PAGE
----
Today in Pennsylvania there are 1,200 parishes serving more than 3.3 million Catholics. Pennsylvania Catholics make up 26% of the state’s population. The Church in Pennsylvania provides 52,000 jobs.
But the real legacy of the Church is in how Catholics live out the Gospel in their own communities.
In 1797, the first formal Catholic charitable institution in Pennsylvania was an orphanage and trade school in Philadelphia. More than 200 years later, the Catholic Church continues to minister to people in need.
Catholic Charities agencies are still serving children, although today foster care and adoption services are the norm. Catholic Charities also helps families and individuals with behavioral health, family counseling, and addiction programs. The agencies help refugees and immigrants settle here in the United States.
Catholic Charities agencies provide direct aid to the poor with food pantries and soup kitchens, housing and utilities assistance, and help with clothing and other basic needs.
In 2010, more than 360,000 individuals received services from a Catholic Charities agency in Pennsylvania, and many of them benefit from more than one service.
Catholic schools are another rich part of Pennsylvania’s history. The first parochial school in the United States, St. Mary’s, opened in Philadelphia in 1782. The school is still helping students reach their potential.
Today, Pennsylvania’s approximately 540 Catholic schools are teaching more than 150,000 students. Catholic schools provide jobs for over 10,000 teachers and other professional staff. Most Catholic high schools rightly boast graduation rates at or near 100% for non-transferring students, as well as SAT scores above the state and national averages. Of those graduates, over 90% go on to attend either a two- or four-year institute of higher learning.
Catholic parochial and diocesan schools educate students by establishing high goals and standards as well as strong motivation and effective discipline, all within a nurturing atmosphere. Catholic schools aim to develop each student as a “whole person” – academically, of course, but also spiritually, physically and emotionally.
In two centuries, Pennsylvania’s Catholic schools have educated countless leaders, entrepreneurs, inventors, and even a saint or two.
Both Catholic and non-Catholic students attend parochial and diocesan schools, but the thousands of Catholic students who attend Pennsylvania public schools are also well-formed in our rich faith. They learn and grow in their Catholic identity through parish ministries. In all, approximately 440,000 students receive Catholic instruction every year.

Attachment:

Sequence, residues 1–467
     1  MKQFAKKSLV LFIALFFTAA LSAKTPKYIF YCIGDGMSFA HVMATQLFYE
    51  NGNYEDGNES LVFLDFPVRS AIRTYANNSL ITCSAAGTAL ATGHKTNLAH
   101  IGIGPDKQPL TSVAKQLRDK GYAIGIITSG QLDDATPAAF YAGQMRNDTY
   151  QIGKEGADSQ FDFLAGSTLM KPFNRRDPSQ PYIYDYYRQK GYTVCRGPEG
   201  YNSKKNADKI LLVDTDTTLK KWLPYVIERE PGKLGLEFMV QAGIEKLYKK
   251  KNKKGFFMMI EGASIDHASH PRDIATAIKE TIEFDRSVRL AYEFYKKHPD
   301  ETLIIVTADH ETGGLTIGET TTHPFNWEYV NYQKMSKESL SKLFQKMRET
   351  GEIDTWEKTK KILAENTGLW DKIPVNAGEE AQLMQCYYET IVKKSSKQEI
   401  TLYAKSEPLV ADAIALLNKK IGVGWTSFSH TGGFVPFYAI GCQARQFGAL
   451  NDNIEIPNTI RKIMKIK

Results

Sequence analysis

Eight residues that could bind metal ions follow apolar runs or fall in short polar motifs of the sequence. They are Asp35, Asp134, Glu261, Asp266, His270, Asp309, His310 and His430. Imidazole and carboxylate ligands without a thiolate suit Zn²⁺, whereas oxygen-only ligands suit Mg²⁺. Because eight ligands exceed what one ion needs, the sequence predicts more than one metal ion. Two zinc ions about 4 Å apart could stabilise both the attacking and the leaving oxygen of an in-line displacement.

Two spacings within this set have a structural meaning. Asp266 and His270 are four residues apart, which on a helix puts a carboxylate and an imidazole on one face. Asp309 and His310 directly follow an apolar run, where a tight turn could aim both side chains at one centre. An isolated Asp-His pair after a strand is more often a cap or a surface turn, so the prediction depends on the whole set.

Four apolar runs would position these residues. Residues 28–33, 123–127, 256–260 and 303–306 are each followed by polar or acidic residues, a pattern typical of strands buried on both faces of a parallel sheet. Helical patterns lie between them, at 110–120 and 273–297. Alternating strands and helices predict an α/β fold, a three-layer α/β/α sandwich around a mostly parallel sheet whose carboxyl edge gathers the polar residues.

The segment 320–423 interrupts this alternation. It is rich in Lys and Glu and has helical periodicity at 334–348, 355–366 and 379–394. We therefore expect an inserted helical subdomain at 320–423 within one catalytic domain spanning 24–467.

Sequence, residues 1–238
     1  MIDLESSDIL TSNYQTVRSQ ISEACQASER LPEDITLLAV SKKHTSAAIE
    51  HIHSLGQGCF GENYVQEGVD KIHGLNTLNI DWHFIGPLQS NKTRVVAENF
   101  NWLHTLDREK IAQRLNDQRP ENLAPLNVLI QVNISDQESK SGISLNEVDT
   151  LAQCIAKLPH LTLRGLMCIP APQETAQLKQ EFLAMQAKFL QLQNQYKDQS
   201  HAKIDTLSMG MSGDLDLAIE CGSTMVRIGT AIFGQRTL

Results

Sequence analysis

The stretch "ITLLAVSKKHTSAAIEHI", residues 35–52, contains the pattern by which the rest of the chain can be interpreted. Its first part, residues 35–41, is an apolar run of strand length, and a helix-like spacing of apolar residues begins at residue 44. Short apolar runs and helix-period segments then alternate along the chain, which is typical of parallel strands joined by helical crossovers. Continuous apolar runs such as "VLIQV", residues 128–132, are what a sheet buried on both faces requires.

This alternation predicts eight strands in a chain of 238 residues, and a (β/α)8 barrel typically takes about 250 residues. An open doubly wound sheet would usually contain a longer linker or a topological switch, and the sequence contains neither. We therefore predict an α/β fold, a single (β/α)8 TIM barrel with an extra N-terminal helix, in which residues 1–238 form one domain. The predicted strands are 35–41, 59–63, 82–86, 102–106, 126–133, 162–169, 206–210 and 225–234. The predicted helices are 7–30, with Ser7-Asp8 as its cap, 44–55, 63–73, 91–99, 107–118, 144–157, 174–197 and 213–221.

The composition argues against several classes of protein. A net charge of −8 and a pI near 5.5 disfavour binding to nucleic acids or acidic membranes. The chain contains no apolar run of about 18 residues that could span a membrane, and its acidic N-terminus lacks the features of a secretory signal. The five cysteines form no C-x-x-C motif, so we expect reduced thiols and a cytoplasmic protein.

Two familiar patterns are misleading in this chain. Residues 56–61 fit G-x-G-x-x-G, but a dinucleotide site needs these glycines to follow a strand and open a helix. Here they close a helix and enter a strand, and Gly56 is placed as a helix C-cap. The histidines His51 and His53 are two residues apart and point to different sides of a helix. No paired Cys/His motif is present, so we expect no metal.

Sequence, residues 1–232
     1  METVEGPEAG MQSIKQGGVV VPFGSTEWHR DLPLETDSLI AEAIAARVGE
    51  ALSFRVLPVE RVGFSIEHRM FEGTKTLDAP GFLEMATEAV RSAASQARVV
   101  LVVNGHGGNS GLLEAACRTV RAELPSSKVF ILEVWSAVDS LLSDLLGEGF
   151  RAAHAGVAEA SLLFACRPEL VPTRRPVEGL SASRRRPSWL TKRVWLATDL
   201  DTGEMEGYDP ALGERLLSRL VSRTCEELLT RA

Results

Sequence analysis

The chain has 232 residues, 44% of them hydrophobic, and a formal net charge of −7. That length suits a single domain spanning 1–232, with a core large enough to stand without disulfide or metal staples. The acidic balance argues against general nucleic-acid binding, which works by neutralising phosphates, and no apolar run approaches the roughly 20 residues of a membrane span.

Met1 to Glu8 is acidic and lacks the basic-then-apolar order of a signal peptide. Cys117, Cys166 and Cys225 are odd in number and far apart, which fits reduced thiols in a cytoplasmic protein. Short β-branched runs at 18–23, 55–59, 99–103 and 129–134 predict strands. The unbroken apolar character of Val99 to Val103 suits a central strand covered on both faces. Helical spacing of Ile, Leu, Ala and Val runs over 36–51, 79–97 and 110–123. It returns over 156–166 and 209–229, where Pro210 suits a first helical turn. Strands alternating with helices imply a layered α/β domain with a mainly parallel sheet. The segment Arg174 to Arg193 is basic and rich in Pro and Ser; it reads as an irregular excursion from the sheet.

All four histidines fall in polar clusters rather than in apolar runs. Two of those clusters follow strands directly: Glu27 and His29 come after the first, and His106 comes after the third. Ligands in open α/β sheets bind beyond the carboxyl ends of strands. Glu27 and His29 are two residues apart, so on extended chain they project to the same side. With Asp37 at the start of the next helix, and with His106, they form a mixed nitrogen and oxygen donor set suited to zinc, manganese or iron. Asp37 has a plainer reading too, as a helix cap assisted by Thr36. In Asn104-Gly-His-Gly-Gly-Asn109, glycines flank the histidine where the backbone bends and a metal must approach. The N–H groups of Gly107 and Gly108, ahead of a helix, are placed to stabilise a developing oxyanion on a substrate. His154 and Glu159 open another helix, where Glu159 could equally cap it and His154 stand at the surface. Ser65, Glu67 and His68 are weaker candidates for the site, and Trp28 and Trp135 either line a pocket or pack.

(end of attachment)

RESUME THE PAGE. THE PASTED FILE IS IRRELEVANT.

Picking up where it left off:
Catholic hospitals are another fixture on the Pennsylvania landscape. Generations of Catholics, often women and men in religious orders, came to the Pennsylvania with a mission to care for the sick, the aged and the dying.
In 2010, Catholic health care served more than 3.3 million people in Pennsylvania.
There are Catholic hospitals, long-term care facilities, multi-facility health systems, special providers or other related entities in every community. The Catholic health care system provides healing and comfort through many programs and facilities, ranging from large, state-of-the-art hospitals and emergency rooms to small neighborhood personal-care homes and mobile clinics.
Catholic providers are an integral part of our health care system. They operate with a fundamental commitment to the sanctity and dignity of human life and demonstrate a special concern for the poor and most vulnerable members of society. Often Catholic facilities are the provider of last resort for those who are very poor and very sick.
Forward in Faith
As we consider this strong and vibrant Catholic presence in Pennsylvania, it is easy to feel proud, but we should not feel content. As those of you familiar with the work of the PCC know, threats to religious liberty, the dignity of the human person and other issues of importance to Catholics have become frequent. We also have opportunities to make advancements that would benefit Catholic health care and education, would strengthen our service to the poor and would better enable us to live out our Gospel values. Complacency would not have been tolerated by those who laid this solid foundation over the past 200-plus years, and it should not be tolerated today. And so, as we look to the public policy issues that will face us in 2012, let us be inspired by knowing that our family of faith extends across our entire state and reaches our brothers and sisters in every walk of life.
This article appeared in the Fall 2011 issue of the Viewpoint